Lowest cost per Sq Ft


Hi All,
I'm in the market for a second wide-format machine, i want to know what machine has the lowest ink cost per sq ft.
Currently researching, and the machine that has the lowest cost is the Mimaki SWJ320-S4 with US$0.10 sq ft
Is there anything lower than this? Thanks.

Just who is making this claim?

And in what condition is the machine when it's achieving this result?

The thing is, as you asked the question, it's impossible to answer. Let's just go back to the basic rule that RIP's convert pixels into dots using information given to them by profiles. So a printer profile tells every printer that ever made any dot how to create that dot.

I guarantee you, I can make one printer waste a whole lot of ink, or be very miserly with ink, purely by making a profile to do so.

And odds are you're going to have a great deal of trouble selling the output from the most miserly profile I can make. The first color to go when cutting too far back on ink is always red. And red is what most clients insist on.

I'd also point out that the reason many printers have high ink costs is that they throw a lot of ink into the dumpster in the form of patches printed chasing color, or jobs re-run for bad color.

The best way to make money in large format printing is to print the best possible job your printer can print, first sheet, every time. That's the one true way to lower your material costs.

Mike Adams
Correct Color
I may be wrong but that is an incredibly variable thing to measure. Your cost per sqft is going to be different on archD blueprints than it is on archD glossy full color saturated posters. I run a Canon Inkjet and they have a cost accounting tool I use to measure my ink usage, paper usage, and associating costs.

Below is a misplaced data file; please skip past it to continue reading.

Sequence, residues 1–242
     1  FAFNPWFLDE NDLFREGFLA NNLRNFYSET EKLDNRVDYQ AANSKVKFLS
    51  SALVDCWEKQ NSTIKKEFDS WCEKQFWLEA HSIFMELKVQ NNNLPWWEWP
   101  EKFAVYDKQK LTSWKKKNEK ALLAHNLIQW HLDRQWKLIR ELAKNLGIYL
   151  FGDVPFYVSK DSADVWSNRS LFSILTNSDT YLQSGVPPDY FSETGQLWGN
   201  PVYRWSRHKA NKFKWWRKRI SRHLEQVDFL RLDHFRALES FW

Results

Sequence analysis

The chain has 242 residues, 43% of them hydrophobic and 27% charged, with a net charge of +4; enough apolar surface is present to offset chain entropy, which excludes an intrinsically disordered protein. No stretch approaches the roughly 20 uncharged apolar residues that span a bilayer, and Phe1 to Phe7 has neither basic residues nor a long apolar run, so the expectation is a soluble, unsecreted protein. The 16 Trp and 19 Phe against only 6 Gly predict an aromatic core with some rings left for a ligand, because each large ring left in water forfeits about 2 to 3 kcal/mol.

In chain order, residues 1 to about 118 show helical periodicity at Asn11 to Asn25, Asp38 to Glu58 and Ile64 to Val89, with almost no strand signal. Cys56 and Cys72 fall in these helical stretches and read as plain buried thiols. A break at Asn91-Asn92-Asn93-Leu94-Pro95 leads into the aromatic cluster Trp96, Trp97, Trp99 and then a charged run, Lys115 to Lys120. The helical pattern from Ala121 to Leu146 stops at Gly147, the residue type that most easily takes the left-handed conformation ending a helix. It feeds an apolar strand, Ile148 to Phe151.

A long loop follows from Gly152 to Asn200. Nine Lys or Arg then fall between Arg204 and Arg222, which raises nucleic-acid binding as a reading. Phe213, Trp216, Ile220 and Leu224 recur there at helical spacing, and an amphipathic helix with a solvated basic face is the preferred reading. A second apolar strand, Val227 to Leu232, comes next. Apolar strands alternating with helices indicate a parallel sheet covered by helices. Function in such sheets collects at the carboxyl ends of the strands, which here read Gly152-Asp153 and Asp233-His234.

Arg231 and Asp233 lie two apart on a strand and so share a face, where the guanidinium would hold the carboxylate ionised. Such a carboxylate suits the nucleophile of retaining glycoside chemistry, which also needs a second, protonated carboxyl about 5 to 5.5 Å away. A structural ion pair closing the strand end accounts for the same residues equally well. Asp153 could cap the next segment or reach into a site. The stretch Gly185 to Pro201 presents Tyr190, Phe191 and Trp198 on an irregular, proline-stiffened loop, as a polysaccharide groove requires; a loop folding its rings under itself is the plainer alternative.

Opening it up to take a look: here are the costs per sq ft on my last few jobs, all on the same basic 36# paper: $0.0293/sqft, $0.1791/sqft, $0.18100/sqft, $0.0436/sqft.

This cost is just the cost of the ink used, the paper hasn't been factored in.

The reason there is such a huuuuuge discrepancy is some of these are just large prints with small lines that barely use ANY ink. Other prints use 10x the ink and are commensurately expensive.

tl;dr: your price per sq/ft depends on what you're printing.
Believe me the cost of ink is a minor factor when it comes to large format.
How quickly you can turn a job around at a sellable quality is more important.
Along with user maintenance, ease of use, tech support and ability to print on a wide range of media.
Sorry for the late reply guys, I guess I may have worded my question wrong.
I really wanted to say the COST PER ML (Milli Litre) of ink. Currently, i have an HP latex 115 that is only 400ML.
Currently eyeing an HP 570(Used) that has a 3L ink box per cart which is much cheaper Per ML of ink than the 115.
Where I'm from, unlike the US, it cost us way more for consumables because they need to be imported,
So it's a critical aspect.
I'm not a big fan of HPs so haven't really researched them but I believe those latex printers with the bulk ink do have way cheaper ink/ml. They do cost more for the printer so you need to put a large volume through it to make it worth the extra upfront cost.
If you can get one used for a decent price then go for it.
The other thing with HPs to watch out for is they do have an end of life date beyond which consumables become hard or impossible to buy.
My Canon 460 ink is $330.00 for 2 Liters, so $0.165/ml and Mutoh ValuJet ink is $129.00 for 440ml or $0.293/ml all US dollars. That's why our Mutoh is just for vehicle wraps that require a high stretch ink.


A 30-day Fix for Managed Chaos

As any print professional knows, printing can be managed chaos. Software that solves multiple problems and provides measurable and monetizable value has a direct impact on the bottom-line.

“We reduced order entry costs by about 40%.” Significant savings in a shop that turns about 500 jobs a month.

Learn how…….